In a separate meeting with Solomon Islands Prime Minister Rick Houenipwela, Turnbull insisted that Australia would substantially fund an underwater Internet cable between the two countries, as well as Papua New Guinea. This effectively blocks a rival bid by Chinese telecommunications firm Huawei, which has also been banned from major operations in the US and Australia on “national security” grounds.

Turnbull issued a media statement emphasising that Australia’s had “a long-standing commitment to peace and stability in the region, with Australia having led the Regional Assistance Mission to Solomon Islands (RAMSI) over its 14 years of existence.”

This was a blunt reminder that in 2003 Australia sent more than 2,000 troops and police, backed by naval warships and air force support, to virtually take over Solomon Islands in order to reassert Australian domination over the country. “We will continue to work together to sustain the gains made under RAMSI and support long-term stability and growth in Solomon Islands, such as through our bilateral security treaty,” Turnbull declared.

In yet another meeting, Turnbull held talks with Fiji Prime Minister Frank Bainimarama, who has “looked north” to China for financial support. According to the Fiji Broadcasting Corporation, “various issues were discussed, including the strengthening of bilateral relations and cooperation between the two countries.”

New Zealand Prime Minister Jacinda Ardern was as active as Turnbull, having stopped off in Paris for a meeting with French President Emmanuel Macron. She and Macron agreed to “confirm our friendship” and work together on a range of issues, especially “defence” in the Pacific. Macron accepted an invitation to visit New Zealand, which would make him the first French president to do so.

Macron is already making a three-day visit to Australia, starting May 1. These developments mark a sharp shift from the 1960s to 1990s, when French nuclear testing in the Pacific was denounced by governments in Australia and New Zealand, which regarded France as a rival in their Pacific “spheres of influence.”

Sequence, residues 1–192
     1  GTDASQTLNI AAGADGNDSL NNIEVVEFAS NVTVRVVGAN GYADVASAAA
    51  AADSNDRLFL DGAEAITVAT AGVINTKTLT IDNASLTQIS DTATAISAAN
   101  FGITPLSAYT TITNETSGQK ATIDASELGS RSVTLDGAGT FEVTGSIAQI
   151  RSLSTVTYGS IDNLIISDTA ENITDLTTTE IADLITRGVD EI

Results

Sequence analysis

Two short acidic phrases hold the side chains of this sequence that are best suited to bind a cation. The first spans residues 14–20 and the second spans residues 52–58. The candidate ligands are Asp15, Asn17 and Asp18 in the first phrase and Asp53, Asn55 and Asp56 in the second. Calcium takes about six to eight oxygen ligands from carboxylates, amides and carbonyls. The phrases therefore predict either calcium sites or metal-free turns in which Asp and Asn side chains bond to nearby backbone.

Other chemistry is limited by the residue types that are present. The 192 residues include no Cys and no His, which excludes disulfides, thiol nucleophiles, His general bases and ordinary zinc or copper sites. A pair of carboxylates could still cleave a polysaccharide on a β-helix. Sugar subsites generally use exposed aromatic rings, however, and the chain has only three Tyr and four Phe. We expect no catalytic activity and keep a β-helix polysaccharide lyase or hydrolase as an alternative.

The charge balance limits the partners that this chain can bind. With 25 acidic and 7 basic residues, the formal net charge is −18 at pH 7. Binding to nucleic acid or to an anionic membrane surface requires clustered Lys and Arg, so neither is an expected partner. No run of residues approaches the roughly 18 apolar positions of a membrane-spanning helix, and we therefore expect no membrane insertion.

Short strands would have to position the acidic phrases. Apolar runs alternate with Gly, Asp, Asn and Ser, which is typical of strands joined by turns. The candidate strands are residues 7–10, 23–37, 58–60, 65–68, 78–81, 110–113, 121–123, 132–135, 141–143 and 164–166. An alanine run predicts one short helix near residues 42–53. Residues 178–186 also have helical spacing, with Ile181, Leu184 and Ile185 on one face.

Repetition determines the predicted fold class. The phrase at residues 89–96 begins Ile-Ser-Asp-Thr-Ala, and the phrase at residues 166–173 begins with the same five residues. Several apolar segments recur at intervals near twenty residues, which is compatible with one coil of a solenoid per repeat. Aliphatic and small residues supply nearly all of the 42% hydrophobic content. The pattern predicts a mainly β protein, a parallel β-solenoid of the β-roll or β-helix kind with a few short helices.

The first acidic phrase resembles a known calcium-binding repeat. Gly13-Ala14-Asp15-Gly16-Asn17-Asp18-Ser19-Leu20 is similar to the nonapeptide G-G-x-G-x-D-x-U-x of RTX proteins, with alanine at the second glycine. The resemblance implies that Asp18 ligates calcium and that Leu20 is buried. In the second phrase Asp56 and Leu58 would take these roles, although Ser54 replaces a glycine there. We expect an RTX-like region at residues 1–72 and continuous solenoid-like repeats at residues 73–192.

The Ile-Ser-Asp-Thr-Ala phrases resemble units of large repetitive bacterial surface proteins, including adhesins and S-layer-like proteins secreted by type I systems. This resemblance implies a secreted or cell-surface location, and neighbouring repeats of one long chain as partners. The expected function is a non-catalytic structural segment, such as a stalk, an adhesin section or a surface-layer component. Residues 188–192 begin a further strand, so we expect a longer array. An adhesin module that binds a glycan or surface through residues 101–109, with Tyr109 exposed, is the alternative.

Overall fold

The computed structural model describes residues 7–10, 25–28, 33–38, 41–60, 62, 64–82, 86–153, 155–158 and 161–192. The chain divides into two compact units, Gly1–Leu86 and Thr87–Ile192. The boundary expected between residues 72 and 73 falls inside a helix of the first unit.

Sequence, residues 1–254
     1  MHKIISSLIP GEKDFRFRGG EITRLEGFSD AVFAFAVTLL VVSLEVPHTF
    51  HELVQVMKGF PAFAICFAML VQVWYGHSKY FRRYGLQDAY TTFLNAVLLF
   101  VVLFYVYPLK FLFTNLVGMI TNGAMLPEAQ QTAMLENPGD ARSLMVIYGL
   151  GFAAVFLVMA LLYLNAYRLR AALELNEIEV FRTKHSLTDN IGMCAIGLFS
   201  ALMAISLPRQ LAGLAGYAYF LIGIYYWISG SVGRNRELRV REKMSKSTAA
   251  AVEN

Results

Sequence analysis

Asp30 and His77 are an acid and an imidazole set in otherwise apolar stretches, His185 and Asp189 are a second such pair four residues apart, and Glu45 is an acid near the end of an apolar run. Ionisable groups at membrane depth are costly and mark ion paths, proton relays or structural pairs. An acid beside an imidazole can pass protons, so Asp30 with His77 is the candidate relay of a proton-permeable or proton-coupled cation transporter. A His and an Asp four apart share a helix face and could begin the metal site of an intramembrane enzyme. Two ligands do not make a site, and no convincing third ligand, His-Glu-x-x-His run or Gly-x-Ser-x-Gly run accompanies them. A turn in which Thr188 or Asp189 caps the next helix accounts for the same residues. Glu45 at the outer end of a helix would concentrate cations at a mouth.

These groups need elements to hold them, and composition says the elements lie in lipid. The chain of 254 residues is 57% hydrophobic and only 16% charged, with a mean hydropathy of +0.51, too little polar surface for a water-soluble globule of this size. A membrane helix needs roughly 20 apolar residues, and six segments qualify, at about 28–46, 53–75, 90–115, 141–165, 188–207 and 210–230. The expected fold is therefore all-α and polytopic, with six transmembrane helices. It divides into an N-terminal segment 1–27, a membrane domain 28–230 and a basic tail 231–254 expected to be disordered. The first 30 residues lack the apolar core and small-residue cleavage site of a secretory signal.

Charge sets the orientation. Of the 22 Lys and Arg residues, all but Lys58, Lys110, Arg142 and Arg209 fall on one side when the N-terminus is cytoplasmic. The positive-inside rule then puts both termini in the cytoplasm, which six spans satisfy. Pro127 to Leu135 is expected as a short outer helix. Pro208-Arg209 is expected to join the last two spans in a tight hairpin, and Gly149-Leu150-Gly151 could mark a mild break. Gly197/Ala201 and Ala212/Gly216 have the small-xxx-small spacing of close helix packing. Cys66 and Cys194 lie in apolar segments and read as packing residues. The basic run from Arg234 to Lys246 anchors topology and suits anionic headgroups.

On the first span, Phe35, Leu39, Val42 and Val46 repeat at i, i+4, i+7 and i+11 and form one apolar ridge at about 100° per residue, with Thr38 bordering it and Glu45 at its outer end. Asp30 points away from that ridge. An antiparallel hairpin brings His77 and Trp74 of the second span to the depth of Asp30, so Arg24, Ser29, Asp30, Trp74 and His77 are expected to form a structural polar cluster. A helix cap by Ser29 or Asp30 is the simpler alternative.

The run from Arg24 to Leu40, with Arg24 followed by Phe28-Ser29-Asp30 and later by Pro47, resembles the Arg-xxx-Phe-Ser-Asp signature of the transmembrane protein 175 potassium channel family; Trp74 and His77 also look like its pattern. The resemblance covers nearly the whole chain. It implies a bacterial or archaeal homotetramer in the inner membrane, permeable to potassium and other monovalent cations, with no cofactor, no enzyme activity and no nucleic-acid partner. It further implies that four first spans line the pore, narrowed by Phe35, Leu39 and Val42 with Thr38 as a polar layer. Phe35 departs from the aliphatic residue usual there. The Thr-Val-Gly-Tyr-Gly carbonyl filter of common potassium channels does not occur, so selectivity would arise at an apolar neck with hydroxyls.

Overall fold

Hosting the CHOGM summit, Prime Minister Theresa May’s government vowed to work in tandem with Australia and New Zealand. “Britain is about to dramatically expand its trade, aid and diplomatic presence in the South Pacific to counter China’s growing influence in the region as part of a global refocus ahead of its departure from the European Union,” the Australian reported.

Events have gathered pace since January, when the Australian government provoked a diplomatic row with China by condemning Beijing’s aid programs in the Pacific. Senator Concetta Fierravanti-Wells, Australia’s minister for international development and the Pacific, accused China of “duchessing” politicians in the Pacific, lending funds on unfavourable terms and financing worthless construction projects.

China’s involvement in the South Pacific is bound up with its response to Washington’s aggressive military and strategic “pivot” to the Asia-Pacific to confront China, which began under Obama and has intensified under Trump.

The Pacific was a major battlefield in World War II. Like other parts of the world, is again becoming a cauldron of geo-strategic conflict, primarily between the US and China, in which other powers are scrambling for alliances and jostling to assert their neo-colonial interests.